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To evaluate the psychometric properties of HEARTSMAP, an emergency psychosocial assessment and management tool, and its impact on patient care and flow measures.
We conducted the study in two phases: first validating the tool using extracted information from a retrospective cohort, then evaluating implementation on a prospective cohort of youth presenting with mental health complaints to a tertiary Pediatric Emergency Department (PED). In phase 1, six PED clinicians applied HEARTSMAP to extracted narratives and we calculated inter-rater agreement for referral recommendations using Cohen’s Kappa and the sensitivity and specificity for identifying youth requiring psychiatric consultation and hospitalization. In phase 2, PED clinicians prospectively used HEARTSMAP and we assessed the impact of the tool’s implementation on patient-related outcomes and Emergency department (ED) flow measures.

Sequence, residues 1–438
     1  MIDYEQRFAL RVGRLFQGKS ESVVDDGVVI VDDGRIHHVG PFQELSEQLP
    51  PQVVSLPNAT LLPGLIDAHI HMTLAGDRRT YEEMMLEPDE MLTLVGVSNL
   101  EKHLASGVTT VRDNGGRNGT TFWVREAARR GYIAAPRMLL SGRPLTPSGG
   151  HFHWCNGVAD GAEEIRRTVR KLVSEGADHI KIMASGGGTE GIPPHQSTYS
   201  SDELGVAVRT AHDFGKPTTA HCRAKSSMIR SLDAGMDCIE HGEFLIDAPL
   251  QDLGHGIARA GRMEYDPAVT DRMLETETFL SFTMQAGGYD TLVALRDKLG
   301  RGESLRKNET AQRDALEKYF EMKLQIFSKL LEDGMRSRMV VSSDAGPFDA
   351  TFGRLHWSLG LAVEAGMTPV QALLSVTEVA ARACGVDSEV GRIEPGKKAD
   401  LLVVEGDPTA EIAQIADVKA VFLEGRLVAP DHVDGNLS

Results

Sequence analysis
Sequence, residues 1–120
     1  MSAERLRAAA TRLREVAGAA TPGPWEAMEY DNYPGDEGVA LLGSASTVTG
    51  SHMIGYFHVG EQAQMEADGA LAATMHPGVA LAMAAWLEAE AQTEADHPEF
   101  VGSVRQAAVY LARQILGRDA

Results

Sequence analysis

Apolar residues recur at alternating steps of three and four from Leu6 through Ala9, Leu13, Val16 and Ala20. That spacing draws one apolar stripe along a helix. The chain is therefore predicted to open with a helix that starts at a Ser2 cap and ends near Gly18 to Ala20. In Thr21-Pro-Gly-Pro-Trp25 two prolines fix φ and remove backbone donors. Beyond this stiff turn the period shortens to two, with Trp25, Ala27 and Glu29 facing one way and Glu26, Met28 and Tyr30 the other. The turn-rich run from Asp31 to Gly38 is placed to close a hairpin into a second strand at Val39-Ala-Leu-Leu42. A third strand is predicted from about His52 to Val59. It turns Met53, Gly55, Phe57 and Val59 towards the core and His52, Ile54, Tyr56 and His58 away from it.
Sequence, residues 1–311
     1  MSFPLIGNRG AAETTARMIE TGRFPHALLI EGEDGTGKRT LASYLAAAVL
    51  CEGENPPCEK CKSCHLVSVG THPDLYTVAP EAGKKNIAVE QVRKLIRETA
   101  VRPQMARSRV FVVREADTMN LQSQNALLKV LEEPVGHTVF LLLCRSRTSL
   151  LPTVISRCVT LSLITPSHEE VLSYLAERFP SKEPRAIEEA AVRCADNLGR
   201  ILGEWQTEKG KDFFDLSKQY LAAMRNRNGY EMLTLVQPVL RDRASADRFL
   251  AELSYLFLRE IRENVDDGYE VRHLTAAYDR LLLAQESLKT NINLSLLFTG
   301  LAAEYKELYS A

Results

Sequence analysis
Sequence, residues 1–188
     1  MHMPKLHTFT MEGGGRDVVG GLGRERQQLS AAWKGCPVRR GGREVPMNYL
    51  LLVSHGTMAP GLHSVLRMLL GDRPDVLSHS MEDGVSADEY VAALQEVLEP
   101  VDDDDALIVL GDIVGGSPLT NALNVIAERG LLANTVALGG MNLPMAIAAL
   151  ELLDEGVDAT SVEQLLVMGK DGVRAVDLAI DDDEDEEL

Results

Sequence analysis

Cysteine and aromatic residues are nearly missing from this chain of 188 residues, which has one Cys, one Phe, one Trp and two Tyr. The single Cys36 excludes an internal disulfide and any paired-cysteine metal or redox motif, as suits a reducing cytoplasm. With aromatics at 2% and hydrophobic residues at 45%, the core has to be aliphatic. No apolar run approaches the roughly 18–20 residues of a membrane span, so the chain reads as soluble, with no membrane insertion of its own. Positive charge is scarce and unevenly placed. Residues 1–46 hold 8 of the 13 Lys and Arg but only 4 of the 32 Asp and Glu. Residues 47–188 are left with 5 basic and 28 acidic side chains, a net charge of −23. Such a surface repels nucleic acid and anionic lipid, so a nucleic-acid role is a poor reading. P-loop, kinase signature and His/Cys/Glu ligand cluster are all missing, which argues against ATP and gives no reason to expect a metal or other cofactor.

We found substantial agreement (κ=0.7) for cases requiring emergent psychiatric consultation and moderate agreement for cases requiring community urgent and non-urgent follow-up (κ=0.4 each). The sensitivity was 76% (95%CI: 63%, 90%) and specificity was 65% (95%CI: 55%, 71%) using retrospective cases. During pilot implementation, 62 patients received HEARTSMAP assessments: 46 (74%) of HEARTSMAP assessments triggered a recommendation for ED psychiatry assessment, 39 (63%) were evaluated by psychiatry and 13 (21%) were admitted. At follow-up, all patients with HEARTSMAP’s triggered recommendations had accessed community resources. For those hospitalized for further psychiatric care at their index or return visit within 30 days, 100% were initially identified by HEARTSMAP at the index visit as requiring ED psychiatric consultation.
HEARTSMAP has strong reliability, and when applied prospectively is a safe and effective management tool.
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